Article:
Even more ridiculous though, is that Musk then talked about the hell, let’s call it, its “philosophy” of content moderation.
“If there are tweets that are fake and bad, those should be deleted or made invisible, and a suspension, a temporary suspension is appropriate but not a permanent ban.”
Fake and bad, huh. It reminds me of what Facebook’s early content moderators said was that company’s initial policy, when everything was much smaller: “Does this make us gross?” But they learned, almost immediately, that such a configuration is not to scalenot even slightly.
It is also intrinsically and obviously ridiculous. “Bad” and “bad” are basically subjective terms. Again, this is a point we’ve made before: many social media companies start out with this kind of simplistic view of content moderation. They say they want free speech to be the touchstone, and they will only have to push back the most extreme cases. But what they (and Elon) don’t seem to understand is that there is way harder cases than you can anticipate, and there is no simple standard you can set for “wrong” or “wrong”.
Then, as you (in theory) try to scale, you realize you need to define Strategies with standards for what constitutes ‘wrong’ and ‘wrong’. Everyone can’t be left to Elon to decide. And from there, you quickly learn that for every policy you write, you’ll quickly find many more “fringe” cases than you can imagine. And, on top of that, you’ll find that if you have ten different people comparing the borderline case to the policy, you can get ten different answers on how to apply it.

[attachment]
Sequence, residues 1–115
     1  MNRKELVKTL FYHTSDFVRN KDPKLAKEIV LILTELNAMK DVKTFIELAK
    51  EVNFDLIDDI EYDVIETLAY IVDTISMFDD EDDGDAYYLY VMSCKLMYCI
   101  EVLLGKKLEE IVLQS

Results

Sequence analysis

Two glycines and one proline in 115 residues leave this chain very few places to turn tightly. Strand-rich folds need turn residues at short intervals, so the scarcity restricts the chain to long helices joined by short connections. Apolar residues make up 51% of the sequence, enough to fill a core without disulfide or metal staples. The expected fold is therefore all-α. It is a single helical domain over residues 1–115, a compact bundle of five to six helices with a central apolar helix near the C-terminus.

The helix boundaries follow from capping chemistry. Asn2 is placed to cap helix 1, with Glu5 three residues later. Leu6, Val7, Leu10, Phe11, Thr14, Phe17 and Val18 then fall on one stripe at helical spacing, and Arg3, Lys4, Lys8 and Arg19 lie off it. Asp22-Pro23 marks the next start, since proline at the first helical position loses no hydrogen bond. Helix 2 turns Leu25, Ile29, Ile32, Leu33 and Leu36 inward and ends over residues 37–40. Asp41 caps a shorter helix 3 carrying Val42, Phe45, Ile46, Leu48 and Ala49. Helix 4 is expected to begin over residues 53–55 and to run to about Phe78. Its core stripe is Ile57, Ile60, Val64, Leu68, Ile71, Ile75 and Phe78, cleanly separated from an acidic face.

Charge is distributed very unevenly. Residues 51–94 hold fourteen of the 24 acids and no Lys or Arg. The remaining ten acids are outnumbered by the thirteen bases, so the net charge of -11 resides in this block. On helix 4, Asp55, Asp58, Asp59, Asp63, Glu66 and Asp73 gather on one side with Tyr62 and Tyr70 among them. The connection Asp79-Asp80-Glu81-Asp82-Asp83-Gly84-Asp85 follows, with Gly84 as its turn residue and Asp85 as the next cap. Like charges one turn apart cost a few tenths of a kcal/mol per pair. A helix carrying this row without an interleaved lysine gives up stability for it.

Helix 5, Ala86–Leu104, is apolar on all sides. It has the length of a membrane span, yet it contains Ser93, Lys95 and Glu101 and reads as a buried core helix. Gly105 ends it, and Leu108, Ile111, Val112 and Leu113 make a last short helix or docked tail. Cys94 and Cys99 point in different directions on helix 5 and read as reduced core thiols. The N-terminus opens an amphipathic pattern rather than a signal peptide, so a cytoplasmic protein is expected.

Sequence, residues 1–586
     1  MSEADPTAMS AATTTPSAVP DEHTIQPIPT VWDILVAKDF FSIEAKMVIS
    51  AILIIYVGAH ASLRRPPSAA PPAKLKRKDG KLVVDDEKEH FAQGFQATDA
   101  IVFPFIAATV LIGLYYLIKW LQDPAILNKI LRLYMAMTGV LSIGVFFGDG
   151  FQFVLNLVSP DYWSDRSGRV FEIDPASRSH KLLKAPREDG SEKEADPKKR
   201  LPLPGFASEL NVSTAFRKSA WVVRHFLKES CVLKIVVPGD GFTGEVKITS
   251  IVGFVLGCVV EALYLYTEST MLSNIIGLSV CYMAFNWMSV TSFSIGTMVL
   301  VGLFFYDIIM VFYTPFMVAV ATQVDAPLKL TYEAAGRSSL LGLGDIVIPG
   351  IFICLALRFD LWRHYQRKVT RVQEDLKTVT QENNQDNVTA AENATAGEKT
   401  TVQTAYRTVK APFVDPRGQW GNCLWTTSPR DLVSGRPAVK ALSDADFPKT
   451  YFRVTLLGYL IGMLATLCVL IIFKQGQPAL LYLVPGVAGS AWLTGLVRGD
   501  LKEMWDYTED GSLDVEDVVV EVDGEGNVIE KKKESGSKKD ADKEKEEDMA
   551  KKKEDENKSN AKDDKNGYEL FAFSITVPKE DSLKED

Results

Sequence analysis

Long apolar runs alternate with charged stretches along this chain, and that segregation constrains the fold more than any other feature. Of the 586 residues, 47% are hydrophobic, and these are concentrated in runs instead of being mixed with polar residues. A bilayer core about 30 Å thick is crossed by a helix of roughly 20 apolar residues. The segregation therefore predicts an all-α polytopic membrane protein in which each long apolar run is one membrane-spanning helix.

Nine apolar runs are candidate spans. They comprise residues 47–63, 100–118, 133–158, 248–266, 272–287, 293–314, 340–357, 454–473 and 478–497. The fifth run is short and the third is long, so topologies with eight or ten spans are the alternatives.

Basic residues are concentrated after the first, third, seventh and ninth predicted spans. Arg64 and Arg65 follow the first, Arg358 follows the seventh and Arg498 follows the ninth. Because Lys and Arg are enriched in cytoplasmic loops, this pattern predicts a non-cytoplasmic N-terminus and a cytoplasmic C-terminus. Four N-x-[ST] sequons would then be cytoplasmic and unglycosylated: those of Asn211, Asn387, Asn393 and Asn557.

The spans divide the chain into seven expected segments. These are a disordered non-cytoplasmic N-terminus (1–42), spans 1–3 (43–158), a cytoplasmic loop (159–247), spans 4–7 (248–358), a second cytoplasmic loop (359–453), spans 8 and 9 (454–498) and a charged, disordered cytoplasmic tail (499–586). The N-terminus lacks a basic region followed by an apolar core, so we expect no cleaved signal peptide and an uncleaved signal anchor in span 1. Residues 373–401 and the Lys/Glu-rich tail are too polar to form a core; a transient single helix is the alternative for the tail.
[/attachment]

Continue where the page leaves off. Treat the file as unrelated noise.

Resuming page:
And, again, that’s actually something that Twitter has spent years thinking about: how to operationalize a set of policies and a set of apps to make them as consistent and reasonable as possible. And you can’t just look at it and say ‘bad things go, good things stay’ because that’s all nonsense and that’s not a way to implement real policy.
If he wants to bring Trump back, that’s definitely his decision. Trump claimed he wouldn’t come back even if Elon let him back, but then again he’s technically suing Twitter to force the company to let him back (judge just dismissed the case, but left it open Trump to file an amended complaint, so the case is not yet officially closed).
But Musk is ridiculously unfair to claim (as a group of Trumpist propagandists have for years) that the decision to ban Trump was because of “leftist ideology” and an attempt to silence his voice. . It was the culmination of a very long series of events, including multiple other types of interventions, including trying to verify his false claims and limit the spread of them (things you’d think Musk would appreciate ), but failed to stop. Trump of seeking to use the platform to encourage violence that was part of an effort to overturn the results of a free and fair election.
Had Musk continued to insist that democratic values are so important (saying elsewhere that he would want to follow speech laws, since they represent the will of the people), you would think he would recognize that the Efforts to cancel an election could, well, raise a few questions. This has been the case for people inside Twitter, who have thought deeply about it and argued over how to handle this. And that discussion and debate was much more serious and deserves more credit than Musk gives it.
At this point, however, it’s clear that Musk’s worldview is simplistic and childish. And that seems unlikely to change. Considering how we’ve seen this play out on other websites, I don’t imagine this will be good for long-term business, but it’s not my billions that are at stake.
Filed Under: bans, content moderation, content policy, donald trump, elon musc